On November 18, 2020, the IRS issued new guidance for taxpayers who participated in the Paycheck Protection Program (PPP) relating to deductible expenses. First, Revenue Ruling 2020-27 (which amplifies IRS Notice 2020-32 (May 18, 2020)), provides that a PPP loan borrower that paid or incurred certain otherwise deductible eligible expenses in 2020 qualifying it for loan forgiveness cannot deduct those expenses in the taxable year 2020 if, at the end of such taxable year, the taxpayer reasonably expects to receive forgiveness of the covered loan. The Revenue Ruling makes clear that this is the result whether the application for forgiveness is filed in 2020 or 2021.
The ruling specifically relates to eligible expenses set forth under Section 1106(b) of the CARES Act, which generally include (1) payroll costs (including health insurance and retirement plan contributions), (2) any payment of interest on any covered mortgage obligation (not including any prepayment of or payment of principal on a covered mortgage obligation), (3) any payment on any covered rent obligation, and (4) any covered utility payment, up to the amount of the PPP loan proceeds.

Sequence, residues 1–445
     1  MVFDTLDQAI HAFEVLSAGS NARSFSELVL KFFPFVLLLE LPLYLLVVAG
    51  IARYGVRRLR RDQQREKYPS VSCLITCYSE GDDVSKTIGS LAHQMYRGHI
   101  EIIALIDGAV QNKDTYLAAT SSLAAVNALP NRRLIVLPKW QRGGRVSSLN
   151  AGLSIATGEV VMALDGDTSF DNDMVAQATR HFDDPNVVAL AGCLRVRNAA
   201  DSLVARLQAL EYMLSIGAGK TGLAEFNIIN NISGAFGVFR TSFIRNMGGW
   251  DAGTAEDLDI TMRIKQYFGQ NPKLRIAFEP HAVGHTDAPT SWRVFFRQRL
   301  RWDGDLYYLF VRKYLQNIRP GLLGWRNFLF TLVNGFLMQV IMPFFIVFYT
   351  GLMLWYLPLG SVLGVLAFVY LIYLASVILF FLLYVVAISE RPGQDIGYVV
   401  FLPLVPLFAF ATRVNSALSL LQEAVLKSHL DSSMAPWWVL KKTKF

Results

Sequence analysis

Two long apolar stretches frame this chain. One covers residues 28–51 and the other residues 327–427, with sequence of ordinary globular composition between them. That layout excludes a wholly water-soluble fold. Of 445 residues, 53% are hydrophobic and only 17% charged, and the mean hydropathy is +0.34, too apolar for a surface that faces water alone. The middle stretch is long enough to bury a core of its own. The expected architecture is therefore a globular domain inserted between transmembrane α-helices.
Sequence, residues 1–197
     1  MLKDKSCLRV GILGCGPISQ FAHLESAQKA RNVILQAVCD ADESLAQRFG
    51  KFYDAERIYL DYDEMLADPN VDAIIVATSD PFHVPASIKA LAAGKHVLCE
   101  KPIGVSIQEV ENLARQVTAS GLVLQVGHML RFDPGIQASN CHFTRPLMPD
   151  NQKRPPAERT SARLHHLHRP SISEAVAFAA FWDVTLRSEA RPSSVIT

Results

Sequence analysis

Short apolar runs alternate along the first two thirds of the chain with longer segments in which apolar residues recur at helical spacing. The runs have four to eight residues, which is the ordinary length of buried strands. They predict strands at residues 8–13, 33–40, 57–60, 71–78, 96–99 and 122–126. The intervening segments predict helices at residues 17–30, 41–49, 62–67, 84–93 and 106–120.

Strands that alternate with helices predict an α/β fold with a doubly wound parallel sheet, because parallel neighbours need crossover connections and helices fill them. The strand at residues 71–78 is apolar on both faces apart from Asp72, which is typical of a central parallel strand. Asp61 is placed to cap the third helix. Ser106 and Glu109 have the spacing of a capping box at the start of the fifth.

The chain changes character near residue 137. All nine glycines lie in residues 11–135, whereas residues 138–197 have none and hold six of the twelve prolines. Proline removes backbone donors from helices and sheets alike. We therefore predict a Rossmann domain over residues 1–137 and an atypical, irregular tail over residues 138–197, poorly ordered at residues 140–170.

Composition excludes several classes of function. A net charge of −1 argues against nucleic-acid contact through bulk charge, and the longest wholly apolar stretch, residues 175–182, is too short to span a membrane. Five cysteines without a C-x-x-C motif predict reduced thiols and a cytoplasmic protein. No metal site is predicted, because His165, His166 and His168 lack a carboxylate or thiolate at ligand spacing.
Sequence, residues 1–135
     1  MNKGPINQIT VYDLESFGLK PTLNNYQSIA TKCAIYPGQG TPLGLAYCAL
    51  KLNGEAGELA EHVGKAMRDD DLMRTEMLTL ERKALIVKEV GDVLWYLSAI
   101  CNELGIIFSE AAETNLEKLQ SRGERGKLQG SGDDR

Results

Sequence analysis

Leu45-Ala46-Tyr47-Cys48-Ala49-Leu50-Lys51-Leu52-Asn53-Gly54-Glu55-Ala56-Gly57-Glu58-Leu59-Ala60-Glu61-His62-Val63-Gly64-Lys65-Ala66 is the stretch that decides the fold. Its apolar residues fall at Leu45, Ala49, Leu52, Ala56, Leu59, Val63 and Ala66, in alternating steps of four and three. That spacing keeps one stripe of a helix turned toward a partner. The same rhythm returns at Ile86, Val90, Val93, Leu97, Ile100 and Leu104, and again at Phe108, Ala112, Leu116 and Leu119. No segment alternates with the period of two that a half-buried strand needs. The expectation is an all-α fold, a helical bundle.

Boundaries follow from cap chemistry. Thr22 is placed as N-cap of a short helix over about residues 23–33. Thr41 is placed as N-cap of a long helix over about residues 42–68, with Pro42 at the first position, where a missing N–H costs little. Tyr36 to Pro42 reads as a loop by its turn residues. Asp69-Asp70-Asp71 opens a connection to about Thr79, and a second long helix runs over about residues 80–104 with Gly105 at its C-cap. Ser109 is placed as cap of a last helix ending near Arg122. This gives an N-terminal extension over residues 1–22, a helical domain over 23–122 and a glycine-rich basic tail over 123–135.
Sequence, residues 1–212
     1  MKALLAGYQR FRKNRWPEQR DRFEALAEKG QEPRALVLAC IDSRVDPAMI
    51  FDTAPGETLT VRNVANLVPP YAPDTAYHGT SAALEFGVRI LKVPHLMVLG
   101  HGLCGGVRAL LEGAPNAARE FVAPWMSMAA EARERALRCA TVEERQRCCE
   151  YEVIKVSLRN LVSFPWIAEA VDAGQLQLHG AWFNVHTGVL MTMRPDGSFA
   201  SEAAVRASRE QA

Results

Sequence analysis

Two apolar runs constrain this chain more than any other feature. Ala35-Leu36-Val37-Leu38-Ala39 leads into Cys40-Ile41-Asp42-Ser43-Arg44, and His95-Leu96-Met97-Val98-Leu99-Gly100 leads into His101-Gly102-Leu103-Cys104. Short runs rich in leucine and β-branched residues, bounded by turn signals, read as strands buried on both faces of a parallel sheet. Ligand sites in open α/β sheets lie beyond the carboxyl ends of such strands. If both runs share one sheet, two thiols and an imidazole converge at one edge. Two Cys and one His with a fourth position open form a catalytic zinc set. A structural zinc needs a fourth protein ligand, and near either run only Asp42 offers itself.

Second, Revenue Procedure 2020-51 provides two safe harbors for deductions by PPP loan borrowers, whose loan forgiveness was reasonably expected to be forgiven as of December 31, 2020, but has been partially or fully denied forgiveness after 2020, or who decide to forego requesting loan forgiveness after 2020. These taxpayers may now claim a deduction for certain otherwise non-deductible eligible expenses from 2020 on (1) the taxpayer’s timely filed (including extensions) original tax return for the 2020 taxable year if it had not yet been filed, or (2) an amended return or an administrative adjustment request (AAR) under IRC section 6227 for the 2020 taxable year, as applicable. As an alternative safe harbor, these taxpayers may claim the deduction for the otherwise non-deductible eligible expenses on an original income tax return or information return, as applicable, for the year subsequent to 2020 when the denial or the decision to forego the forgiveness occurs. This would be the case even though the expenses were paid in 2020.
There is still a possibility that Congress will act to change the IRS rule and allow deduction of all eligible expenses when paid or incurred.
For Further Information: If you have any questions or require more information regarding this update or PPP loans in general, please contact one of our Tax Department Members John W. Schmehl, Esq., Matthew I. Whitehorn, Esq., or Stephanie S. Vogel, Esq.